The “Cs” are are a set of key qualities and characteristics that make the difference between those who are just “proficient” and those who really “prevail” as they start their career in our profession.
They are the difference between the DCs who are merely good enough to practice and those who achieve, lead, impact, earn, and influence at their highest potential. The latter group prevails by achieving and experiencing at the level they dreamed of—whatever that may be.
As you read, do a self-check and determine which factors you are strong in—and which may need some “adjustment.”
Chiropractors, as a profession, must develop more of the structure they claim to specialize in treating. In other words, they need more spine. They need more backbone in the way they communicate and lead.
It’s not always a matter of what to say, or how to say it. For many, it’s just the willingness to get uncomfortable and say what needs to be said.
The profession tends to suffer from “confront-a-phobia.” Cultivate a willingness to bring up a point and stand firm, or bring to the surface a matter needing to be addressed, e.g., a belief, a principle, an office policy, etc.
The inability or unwillingness of young doctors to do this short-circuits their ability to lead their patients, their teams, and their communities. A simple suggestion to resolve this challenge: Say what you mean. Mean what you say. But don’t mean to be mean.
This factor goes right along with confrontation. A famous coach, Daniel Drubin, DC, used to say, “You are either in the pain, or in the pain.”
That is, as a start-up doctor, you have a choice of the discomfort you experience: You can either choose the “pain” of getting out and investing the time, energy, and effort required to build a business (plus experiencing that sure-thing called rejection) or you can opt for the “pain” of sitting in your office hoping and praying someone ends up coming in by chance.
The doctors you see prevail early on are those who do not let discomfort keep them from doing what they need to do. They are all about “professionalism,” but not at the expense of limiting their practice launch.
Many young doctors worry too much about what people will think of them. Remember what B.J. Palmer said: “There are four words that hold us back. Those are ‘What will people think?’ ”
Trying to build anything with a lack of clarity or certainty will usually result in floundering. Prevailing chiropractors have certainty in who they are and what they are about. They need not be loud or boisterous. In fact, many are just the opposite. They need not be a certain race, gender, size, or use a particular technique. But they must be anchored and certain on how they are unique, what their personality type is, and how their special message can best be conveyed.
In addition, prevailing doctors of chiropractic know they cannot sell what they do not own. You need not hold a philosophy degree, but you should be clear on the principles that chiropractic upholds.
Furthermore, too many young DCs fail to realize that there is significant science and research out there that adds certainty to the results you can achieve, and your ability to communicate and confront.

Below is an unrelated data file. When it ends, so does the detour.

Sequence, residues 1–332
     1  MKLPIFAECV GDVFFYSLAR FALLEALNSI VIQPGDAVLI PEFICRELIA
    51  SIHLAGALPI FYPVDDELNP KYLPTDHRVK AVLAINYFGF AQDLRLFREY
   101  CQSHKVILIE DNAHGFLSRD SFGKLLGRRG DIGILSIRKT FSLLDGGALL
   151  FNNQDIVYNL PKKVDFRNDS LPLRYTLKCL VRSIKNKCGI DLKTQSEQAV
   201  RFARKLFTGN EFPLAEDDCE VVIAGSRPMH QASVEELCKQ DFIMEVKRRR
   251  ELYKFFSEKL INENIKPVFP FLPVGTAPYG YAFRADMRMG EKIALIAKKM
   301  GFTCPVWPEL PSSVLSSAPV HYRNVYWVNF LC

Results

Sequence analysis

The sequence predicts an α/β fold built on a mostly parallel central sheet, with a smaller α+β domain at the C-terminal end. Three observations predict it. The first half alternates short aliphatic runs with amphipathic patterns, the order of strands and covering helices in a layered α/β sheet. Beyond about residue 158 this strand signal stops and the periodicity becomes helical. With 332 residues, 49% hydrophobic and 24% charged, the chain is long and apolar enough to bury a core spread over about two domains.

Besides the obvious matters of being congruent from a legal, moral, and ethical standpoint, you’ll repeatedly observe that those doctors who focus on living and practicing in line with their principles tend to prevail on a higher level.
After all, congruency is when you build up a life and practice structure that is consistent and solid with a firm foundation. Avoid the practice that looks good and productive on the outside but is rotten within. Larry Markson, DC, taught long ago about what he called “The Law of Circle-Circle” (what comes around goes around). You cannot outsmart and cheat the universe. By the same token, you cannot serve, give, and love without being rewarded. In both cases, somehow, some way, you will always get what you deserve in life. Be legal, moral, ethical, and congruent.
All premier and prevailing people in any line of work (sports, business, etc.) have a coach. Many have multiple coaches who specialize in a particular area of their life. So this one is about not trying to reinvent the wheel and fly solo.
Call it whatever you will (if you don’t like the word coach) but involve someone who knows where you want to go, who has been there and done that, and who knows how to take others to the same place. One of the most valuable things an effective coach does is hold you accountable. Allow yourself to be pushed. Be open to perspective.
And, when you are being coached, stop talking and start listening. There is a big difference between running your mouth and walking your talk―and this tip is one that many proficient doctors could use to prevail more.
Bart Anderson , DC, is engaged in the individualized coaching of a select number of chiropractors and other small business owners. His primary focus, however, is the clinical oversight of Lifetime Fat Loss Centers and the development of Lifetime Metabolics, Inc., a management service organization of weight loss clinics. He can be contacted through time4fatloss.com.